On December 14, 1921, the jury for the Goncourt Prize, which had met since last year at the Drouant restaurant, at 2e arrondissement of Paris, gave its settlement. Surprise! The price comes to Batouala, subtitle True novel negro, to a specific René Maran, an anonymous author of Paris literary circles. The French foreign ruler primarily assigned to Oubangui-Chari (now the Central African Republic) was the West Indian. A black man to be recognized at France’s most prestigious prize? Not heard at the time. Back in 1992 another black man, Martiniquais Patrick Chamoiseau, received the prize Texaco. This was followed, in 2009, by Franco-Senegalese Marie Ndiaye, awarded for Three strong women.
The choice of Goncourt in 1921 was even more astonishing as Batouala, published in Albin Michel’s editions, was almost unable to respond to the canons of the literature of the time and that it undermined France’s supposed mission civilization to Africa. And this even if the ten jurors, including the monarchist Léon Daudet, J.-H. Rosny Aîné, author of the famous Fire war, and his brother J.-H. Rosny Jeune, don’t particularly shine on their progressive ideas. There is no doubt that they are sensitive to the author’s stylistic styles and to the astonishing state of his awakening in the African woods. Even in decline, naturalism still had its supporters at the beginning of the 20th century.e century Did the interventions of the poet Henri de Régnier and the critic Jacques Boulenger, who promoted Maran’s book, influence the choice of the jury? As such, we know, Goncourt’s history has been marred by controversies, scandals, failures or, at least, as in this case, choices that are difficult to understand. Literary passages are sometimes impenetrable.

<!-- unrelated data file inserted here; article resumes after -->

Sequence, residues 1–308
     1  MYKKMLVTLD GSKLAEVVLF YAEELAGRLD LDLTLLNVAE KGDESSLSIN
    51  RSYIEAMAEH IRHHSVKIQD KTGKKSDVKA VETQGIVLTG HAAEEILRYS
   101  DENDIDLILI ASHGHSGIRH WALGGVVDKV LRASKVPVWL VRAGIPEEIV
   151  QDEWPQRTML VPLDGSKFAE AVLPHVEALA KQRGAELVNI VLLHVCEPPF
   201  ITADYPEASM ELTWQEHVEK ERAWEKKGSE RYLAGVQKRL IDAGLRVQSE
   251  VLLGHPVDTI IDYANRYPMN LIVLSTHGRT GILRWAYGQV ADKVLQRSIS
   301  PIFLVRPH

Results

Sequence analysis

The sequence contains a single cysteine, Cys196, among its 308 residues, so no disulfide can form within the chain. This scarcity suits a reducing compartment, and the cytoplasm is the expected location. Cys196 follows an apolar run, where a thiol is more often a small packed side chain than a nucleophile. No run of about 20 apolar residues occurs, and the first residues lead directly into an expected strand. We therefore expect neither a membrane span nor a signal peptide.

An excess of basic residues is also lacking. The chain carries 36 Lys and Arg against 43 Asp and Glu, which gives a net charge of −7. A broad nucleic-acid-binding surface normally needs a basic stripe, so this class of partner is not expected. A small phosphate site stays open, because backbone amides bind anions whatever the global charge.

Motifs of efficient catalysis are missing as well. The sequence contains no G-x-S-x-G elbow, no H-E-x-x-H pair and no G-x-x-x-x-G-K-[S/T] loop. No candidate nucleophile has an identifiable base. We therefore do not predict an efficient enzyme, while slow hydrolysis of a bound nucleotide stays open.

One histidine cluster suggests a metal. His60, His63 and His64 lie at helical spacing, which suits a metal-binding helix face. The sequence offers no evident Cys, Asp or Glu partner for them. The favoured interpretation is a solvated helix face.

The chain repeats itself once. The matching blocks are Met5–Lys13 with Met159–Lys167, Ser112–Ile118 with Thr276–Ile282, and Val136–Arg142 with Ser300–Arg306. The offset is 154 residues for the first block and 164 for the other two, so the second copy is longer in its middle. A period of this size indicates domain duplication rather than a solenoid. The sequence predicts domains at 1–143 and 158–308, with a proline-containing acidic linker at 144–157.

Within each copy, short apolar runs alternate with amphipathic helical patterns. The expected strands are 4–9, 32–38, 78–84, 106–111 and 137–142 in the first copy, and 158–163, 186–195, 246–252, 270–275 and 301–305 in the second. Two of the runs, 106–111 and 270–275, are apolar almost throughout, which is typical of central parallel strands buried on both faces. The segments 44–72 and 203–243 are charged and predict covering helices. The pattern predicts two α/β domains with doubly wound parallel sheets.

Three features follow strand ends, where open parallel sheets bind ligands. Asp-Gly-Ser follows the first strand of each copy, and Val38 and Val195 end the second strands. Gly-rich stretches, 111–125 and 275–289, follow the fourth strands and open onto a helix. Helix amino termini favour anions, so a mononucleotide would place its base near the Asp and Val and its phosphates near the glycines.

The story of this year’s 1921 award-winning book takes place somewhere in Oubangui-Chari during the First World War. Batouala, the eponymous character, is a powerful village chief in Banda (one of the chief ethnic groups in the Central African Republic) and a dreaded doctor. Except that the universe in which he reigns as the perfect master is shaking at its foundations. It was blamed on the Whites, the “bound”, whose brutality and willingness to scandalize Batouala. He was also worried about seeing black soldiers enlisting the French army to take part in the war between “white Frandjés” and “white Zalemans” that he could not understand. Moreover, one of his wives, his favorite, the boasted Yassigui’ndja, was insensitive to the homosexuality made by the attractive Bissibi’ngui. Despite all of Batouala’s efforts to break the germ idyll, the two lovebirds manage to spin the perfect love. All in the yard of a huge fire where, plants and animals are destroyed, as to announce the end of a bygone world.